- Do I really need an attorney to file bankruptcy?
- Can I make my creditors stop calling me if I file for bankruptcy?
- Can I keep my car when I file bankruptcy?
- Can I keep my house when I file bankruptcy?
Although having an attorney is not a requirement when filing bankruptcy, there are many reasons why you would benefit from retaining the services of an experienced bankruptcy attorney. Much like anything else, an attorney who practices bankruptcy law will understand the many nuances involved with filing bankruptcy. When you are injured you seek a doctor. When your car breaks down you seek a mechanic. When your pipes in your home explode you seek a plumber. In the same way, when you are attempting to file a bankruptcy, you should seek a bankruptcy attorney.
Many people believe that their case is “easy” or “uncomplicated”. While this may be true to some extent, no bankruptcy case is a simple thing. Every bankruptcy involves many facts that are specific to each individual or family alone – whether it’s income, property, foreclosures, debt, inheritance and so on. A bankruptcy attorney who knows California and Federal Bankruptcy rules can identify the factors that may be important in your case; factors that you may miss without even realizing it.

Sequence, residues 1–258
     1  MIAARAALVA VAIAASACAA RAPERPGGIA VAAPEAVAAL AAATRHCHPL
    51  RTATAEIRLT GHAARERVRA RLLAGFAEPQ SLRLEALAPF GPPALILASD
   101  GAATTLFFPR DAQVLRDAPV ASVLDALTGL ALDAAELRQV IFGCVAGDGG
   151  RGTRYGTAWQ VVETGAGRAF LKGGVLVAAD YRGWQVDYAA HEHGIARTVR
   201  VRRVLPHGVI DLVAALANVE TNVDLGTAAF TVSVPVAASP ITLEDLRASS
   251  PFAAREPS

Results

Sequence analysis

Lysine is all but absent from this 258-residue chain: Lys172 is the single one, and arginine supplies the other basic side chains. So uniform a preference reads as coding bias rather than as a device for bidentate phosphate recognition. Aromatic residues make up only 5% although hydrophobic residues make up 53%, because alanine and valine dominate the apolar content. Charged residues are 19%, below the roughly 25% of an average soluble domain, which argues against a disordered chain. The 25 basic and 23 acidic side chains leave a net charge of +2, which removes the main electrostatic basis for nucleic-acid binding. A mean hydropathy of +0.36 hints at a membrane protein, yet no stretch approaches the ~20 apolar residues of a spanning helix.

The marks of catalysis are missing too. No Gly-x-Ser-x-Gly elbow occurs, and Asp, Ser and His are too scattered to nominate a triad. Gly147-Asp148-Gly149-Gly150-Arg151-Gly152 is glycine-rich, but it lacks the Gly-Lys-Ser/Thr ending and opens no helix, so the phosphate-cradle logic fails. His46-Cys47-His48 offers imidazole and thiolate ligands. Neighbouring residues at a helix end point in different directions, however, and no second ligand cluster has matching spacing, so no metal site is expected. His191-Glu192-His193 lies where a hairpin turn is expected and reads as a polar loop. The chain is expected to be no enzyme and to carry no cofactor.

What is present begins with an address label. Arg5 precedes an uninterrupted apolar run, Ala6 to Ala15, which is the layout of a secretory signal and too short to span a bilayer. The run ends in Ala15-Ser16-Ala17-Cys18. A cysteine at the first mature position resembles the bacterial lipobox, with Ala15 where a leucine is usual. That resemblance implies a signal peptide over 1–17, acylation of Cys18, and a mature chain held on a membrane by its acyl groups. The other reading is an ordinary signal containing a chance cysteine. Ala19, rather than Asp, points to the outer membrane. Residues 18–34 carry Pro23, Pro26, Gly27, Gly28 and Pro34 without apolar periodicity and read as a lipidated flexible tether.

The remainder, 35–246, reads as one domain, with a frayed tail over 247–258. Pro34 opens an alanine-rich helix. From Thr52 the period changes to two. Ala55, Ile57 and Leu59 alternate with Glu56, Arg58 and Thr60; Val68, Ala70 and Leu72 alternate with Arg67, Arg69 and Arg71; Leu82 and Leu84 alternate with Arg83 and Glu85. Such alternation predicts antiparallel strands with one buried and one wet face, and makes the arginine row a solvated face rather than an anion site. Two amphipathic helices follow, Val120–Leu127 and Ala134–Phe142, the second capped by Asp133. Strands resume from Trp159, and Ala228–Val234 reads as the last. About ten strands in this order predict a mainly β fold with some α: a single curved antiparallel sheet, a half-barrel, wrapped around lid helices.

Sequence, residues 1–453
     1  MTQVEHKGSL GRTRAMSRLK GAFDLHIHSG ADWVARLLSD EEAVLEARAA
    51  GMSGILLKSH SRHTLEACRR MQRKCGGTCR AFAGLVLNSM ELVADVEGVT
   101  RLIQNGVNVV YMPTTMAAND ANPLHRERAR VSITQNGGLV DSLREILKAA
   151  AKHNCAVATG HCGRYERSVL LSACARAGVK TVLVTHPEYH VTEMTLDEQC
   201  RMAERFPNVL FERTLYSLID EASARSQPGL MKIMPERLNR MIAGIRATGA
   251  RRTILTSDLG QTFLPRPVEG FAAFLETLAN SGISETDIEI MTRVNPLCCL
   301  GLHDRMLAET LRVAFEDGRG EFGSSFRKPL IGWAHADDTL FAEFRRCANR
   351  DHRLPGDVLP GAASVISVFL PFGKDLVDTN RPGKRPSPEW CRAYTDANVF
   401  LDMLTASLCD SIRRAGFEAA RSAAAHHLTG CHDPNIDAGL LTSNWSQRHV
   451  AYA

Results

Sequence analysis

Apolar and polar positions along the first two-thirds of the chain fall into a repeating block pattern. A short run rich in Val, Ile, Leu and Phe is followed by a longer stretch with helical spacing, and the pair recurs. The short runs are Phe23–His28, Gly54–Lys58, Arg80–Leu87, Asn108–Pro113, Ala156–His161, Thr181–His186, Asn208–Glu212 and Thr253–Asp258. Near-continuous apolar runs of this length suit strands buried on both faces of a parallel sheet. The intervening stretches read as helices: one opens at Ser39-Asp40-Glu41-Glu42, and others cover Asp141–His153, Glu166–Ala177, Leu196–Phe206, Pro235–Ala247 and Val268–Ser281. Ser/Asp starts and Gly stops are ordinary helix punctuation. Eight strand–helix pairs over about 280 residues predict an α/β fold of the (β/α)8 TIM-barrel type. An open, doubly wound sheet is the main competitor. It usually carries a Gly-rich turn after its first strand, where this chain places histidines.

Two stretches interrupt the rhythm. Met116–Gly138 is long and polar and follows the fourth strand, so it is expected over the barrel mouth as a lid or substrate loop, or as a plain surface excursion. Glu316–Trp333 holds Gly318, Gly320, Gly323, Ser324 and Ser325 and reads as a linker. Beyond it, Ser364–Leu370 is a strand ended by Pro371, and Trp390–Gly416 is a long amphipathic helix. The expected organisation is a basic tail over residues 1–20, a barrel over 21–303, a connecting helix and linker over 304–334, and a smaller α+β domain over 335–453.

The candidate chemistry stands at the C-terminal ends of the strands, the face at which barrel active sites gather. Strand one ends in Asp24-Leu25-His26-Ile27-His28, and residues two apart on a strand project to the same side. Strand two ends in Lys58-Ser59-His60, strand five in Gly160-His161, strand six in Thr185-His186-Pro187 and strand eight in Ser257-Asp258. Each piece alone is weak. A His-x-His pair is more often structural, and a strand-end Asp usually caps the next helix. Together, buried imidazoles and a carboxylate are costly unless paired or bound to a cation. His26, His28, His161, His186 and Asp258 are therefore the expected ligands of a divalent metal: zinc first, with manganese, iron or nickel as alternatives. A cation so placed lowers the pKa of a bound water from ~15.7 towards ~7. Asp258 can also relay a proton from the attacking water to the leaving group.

When you consider everything a bankruptcy can involve – from filing paperwork, providing documentation, calculating numbers, contacting other attorneys, appearing in court, opposing creditors, creating court forms, and abiding by deadlines, just to name a few – you’ll want an attorney on your team that can navigate the process and make it as painless for you as possible. Not to mention that if your case is handled incorrectly, it could costs you hundreds or thousands of dollars to correct the errors after the fact. By having an attorney on your side, you can end up saving yourself a lot of money in the end. If you have taken the step toward repairing your financial future, make sure you do it right.
When you file a bankruptcy, your creditors are put on notice, thus becoming aware of the fact that you will be attempting to discharge your debt. They can no longer contact you for collection efforts, but can contact you to provide information, such as loan modification options, or to determine whether you intent to reaffirm a secured debt, such as the intent to keep a vehicle and continuing making payments for it.
The best way to ensure that no creditors contact your for any reason whatsoever is to obtain the services of an attorney. Once an attorney represents you, not only can you prevent your creditors from contacting you, but they are prohibited from doing so. The moment you are represented by an attorney, your creditors absolutely cannot contact you. This is particularly beneficial when you are intending to file bankruptcy, as you do not necessarily need to wait for your bankruptcy petition to be filed, but can get a head start on cutting off creditor contact from the moment you hire the services of a bankruptcy attorney.